Well, I've had success, mostly, with this new information! I chose to rename the C:\Windows\Panther\Unattended\Unattend.xml file to Unattend.backup, and then followed Kari's instructions for at least the sixth time. I also renamed the C:\Windows\Panther\Unattend.xml the same way. I created the false account, activated my "good" user name, and signed out. Interestingly, when I went to log in this time, it wanted a password on my "good" user name - but I never created one!?! Fortunately, as I said before, I'm working with a brand new computer so I can scrap that account and create a new one, but that was disappointing. I'm also a little puzzled why one of my previous attempt's fake accounts still shows in the Users directory but it doesn't show up in the list of users in the Settings menu. Still tinkering with this a bit, but a huge thanks to dtbullock for this break through! And of course a huge thanks to Kari for the overall solution!
      My ComputerSystem Spec
  5.    28 Jul 2016 #724
    Join Date : Jul 2016
    Posts : 3
    Windows 10 Pro 64 bit

    I'm a new Windows 10 Pro user who, thanks to the TenForums tutorials, managed a clean install from ISO and also moving the Users folder from the system C: drive to the D: drive in another partition.

    Everything is good, except KB3172985 has repeatedly failed to install. Each time, after a restart the installation begins but then gives the Fatal Error C00000D4, restarts, and rolls back the update. After searching the TenForums and Microsoft support, I've tried to troubleshoot by using the Windows Update troubleshooter, sfc scans, and DISM RestoreHealth, but none have identified problems. I've also tried offline updates, resetting Windows Updates, and installing KB3172988. My System reserved partition appears healthy and is not full (63 MB free).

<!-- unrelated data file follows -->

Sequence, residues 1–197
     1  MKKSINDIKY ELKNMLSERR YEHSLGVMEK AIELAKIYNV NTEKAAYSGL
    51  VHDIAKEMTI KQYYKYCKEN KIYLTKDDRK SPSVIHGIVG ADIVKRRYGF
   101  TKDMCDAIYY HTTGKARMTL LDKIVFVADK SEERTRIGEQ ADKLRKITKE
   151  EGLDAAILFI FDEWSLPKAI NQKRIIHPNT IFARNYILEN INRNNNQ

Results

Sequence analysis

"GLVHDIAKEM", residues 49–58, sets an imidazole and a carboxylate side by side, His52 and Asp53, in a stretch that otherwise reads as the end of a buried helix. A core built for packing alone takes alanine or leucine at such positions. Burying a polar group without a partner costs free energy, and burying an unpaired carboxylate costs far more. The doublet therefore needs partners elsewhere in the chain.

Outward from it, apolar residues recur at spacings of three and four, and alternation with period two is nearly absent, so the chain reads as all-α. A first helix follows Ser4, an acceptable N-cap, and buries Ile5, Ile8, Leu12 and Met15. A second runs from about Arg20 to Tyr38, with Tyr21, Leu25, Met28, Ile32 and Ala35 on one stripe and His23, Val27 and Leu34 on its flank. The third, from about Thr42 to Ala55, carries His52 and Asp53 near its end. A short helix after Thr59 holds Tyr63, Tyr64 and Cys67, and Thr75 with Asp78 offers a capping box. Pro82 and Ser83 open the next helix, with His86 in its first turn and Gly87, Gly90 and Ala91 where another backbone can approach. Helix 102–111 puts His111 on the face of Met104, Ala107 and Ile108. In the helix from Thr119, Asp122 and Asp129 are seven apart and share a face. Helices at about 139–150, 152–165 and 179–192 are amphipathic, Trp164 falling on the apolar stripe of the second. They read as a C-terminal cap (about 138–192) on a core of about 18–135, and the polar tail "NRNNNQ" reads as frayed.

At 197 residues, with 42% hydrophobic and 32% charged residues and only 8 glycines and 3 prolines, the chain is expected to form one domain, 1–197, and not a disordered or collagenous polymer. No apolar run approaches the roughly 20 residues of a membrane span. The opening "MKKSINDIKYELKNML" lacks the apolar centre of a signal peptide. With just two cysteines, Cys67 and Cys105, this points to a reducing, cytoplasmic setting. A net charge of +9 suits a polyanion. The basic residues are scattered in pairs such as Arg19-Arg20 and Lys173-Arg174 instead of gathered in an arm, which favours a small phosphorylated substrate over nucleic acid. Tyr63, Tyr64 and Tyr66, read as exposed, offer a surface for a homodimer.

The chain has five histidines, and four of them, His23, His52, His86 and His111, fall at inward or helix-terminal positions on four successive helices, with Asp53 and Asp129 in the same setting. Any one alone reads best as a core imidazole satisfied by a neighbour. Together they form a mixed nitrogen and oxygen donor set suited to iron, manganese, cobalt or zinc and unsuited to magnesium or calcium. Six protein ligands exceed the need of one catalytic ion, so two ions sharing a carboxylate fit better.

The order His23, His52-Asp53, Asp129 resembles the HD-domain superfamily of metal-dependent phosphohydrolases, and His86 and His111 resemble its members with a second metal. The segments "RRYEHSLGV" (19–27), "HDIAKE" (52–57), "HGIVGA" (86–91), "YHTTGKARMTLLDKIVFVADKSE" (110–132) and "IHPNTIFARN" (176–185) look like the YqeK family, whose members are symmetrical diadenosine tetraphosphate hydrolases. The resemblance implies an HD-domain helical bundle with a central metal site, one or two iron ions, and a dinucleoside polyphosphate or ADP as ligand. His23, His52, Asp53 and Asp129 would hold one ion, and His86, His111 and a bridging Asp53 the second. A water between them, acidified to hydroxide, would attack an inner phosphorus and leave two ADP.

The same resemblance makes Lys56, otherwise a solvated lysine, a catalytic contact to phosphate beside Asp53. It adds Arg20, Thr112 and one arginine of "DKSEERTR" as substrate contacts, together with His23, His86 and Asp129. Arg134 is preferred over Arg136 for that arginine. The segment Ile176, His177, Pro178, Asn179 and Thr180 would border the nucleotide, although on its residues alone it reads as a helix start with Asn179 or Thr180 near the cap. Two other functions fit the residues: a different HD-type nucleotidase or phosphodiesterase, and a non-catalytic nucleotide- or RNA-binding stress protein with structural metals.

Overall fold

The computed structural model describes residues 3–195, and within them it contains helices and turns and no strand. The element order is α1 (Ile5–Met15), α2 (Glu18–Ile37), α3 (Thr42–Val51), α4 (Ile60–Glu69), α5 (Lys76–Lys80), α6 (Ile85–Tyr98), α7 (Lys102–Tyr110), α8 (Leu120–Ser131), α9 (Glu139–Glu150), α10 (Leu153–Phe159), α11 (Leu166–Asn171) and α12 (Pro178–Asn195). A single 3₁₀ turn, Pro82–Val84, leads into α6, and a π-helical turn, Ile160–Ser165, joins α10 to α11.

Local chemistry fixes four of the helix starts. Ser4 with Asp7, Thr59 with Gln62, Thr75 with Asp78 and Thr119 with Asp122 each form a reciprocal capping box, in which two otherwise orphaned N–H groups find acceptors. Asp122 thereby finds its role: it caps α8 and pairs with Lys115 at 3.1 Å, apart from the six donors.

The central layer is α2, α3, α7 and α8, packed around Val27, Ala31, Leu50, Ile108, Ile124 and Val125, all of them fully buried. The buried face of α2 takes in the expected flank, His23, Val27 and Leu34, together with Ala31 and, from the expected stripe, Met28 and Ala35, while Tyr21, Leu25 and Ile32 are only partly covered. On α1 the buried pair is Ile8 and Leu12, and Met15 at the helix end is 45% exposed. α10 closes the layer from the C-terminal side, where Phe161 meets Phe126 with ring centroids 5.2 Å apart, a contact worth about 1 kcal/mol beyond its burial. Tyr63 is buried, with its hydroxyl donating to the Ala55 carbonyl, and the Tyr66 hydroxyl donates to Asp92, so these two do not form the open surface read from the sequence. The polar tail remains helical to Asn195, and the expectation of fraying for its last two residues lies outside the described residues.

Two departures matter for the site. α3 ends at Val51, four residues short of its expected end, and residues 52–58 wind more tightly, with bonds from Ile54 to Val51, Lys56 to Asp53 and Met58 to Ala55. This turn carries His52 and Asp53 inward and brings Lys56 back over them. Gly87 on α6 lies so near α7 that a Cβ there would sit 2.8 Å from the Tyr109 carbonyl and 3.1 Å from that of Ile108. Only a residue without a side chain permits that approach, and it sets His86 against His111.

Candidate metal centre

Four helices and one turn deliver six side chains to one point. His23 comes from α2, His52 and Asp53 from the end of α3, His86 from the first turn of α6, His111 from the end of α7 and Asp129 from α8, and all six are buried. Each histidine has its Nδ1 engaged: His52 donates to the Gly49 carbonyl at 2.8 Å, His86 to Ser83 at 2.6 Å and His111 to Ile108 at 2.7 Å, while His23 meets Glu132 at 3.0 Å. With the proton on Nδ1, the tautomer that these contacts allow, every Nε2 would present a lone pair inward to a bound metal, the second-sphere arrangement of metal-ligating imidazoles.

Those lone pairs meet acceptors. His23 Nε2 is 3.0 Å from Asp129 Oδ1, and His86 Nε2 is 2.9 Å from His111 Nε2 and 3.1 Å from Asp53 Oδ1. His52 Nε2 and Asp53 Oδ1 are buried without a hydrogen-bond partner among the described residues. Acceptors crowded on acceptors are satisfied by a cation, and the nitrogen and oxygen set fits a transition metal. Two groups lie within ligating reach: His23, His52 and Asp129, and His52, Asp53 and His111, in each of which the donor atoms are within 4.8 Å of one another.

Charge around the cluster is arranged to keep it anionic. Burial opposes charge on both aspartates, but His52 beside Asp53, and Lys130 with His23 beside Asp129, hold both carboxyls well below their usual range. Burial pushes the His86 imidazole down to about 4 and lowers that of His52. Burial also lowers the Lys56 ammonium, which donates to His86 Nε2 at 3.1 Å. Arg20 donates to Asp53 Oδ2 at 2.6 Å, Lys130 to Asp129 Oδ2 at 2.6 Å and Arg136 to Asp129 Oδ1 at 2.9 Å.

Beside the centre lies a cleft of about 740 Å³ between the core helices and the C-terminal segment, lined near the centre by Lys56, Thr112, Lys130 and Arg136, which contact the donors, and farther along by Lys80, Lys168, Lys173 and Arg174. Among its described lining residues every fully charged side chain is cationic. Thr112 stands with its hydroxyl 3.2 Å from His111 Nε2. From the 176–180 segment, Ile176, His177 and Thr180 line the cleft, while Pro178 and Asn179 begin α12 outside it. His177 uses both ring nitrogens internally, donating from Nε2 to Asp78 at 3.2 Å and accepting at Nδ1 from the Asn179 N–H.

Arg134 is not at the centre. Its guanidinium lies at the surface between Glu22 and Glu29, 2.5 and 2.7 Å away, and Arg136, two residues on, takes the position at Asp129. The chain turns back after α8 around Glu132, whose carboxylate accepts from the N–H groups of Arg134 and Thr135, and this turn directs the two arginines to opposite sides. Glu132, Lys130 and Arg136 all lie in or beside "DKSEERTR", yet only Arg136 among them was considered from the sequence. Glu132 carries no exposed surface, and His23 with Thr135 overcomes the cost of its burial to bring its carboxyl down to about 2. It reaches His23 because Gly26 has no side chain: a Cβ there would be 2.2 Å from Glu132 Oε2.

Looking in the local Event Viewer, I see these errors associated with the failed updates:

    Source: WindowsUpdateClient, Event ID 20
    General Description: Installation Failure: Windows failed to install the following update with error 0x80070011: Update for Windows (KB3172985).

    Source: Service Control Manager, Event ID 7023
    General Description: The Windows Modules Installer service terminated with the following error:
    The system cannot move the file to a different disk drive.


    Looking in C:\Windows\WinSxS folder, the poqexec.log gives the error:

    1d1e8f591790fda: 0, 0, 0, 0, StartTime ;
    1d1e8f591790fda: 8bd, c00000d4, 1489, 0, MoveFile ;\SystemRoot\WinSxS\Temp\PendingRenames\d5882d85f5e8d10136190000b417a815.desktop.ini, \??\D:\Users\Default\AppData\Roaming\Microsoft\Windows\Start Menu\Programs\Accessibility\desktop.ini
    1d1e8f594f00630: 0, 0, 0, 0, EndTime ;


    So, my admittedly rudimentary interpretation is that the Windows Installer terminates when it fails to write the desktop.ini file to the Users folder on the D: drive.

    I'd appreciate any comments or suggestions from more knowledgeable users about whether this could be the cause of the update failures and how to troubleshoot the issue.

    Thanks.
      My ComputerSystem Spec
  6.    28 Jul 2016 #725
    Join Date : Oct 2013
    A Finnish expat in Germany
    Posts : 12,965
    Windows 10 Pro
    Thread Starter

    Quote Originally Posted by Somateria View Post
    I'd appreciate any comments or suggestions from more knowledgeable users about whether this could be the cause of the update failures and how to troubleshoot the issue.

    Thanks.
    Try to download the offline installer for that update from Microsoft and install the update manually: Microsoft Update Catalog

    Notice that MS Update Catalog site does not work with Edge. You need IE or a third party browser.

    Be sure to select correct bit version. See screenshot, yellow highlight is 32 bit, green 64 bit:
    Click image for larger version.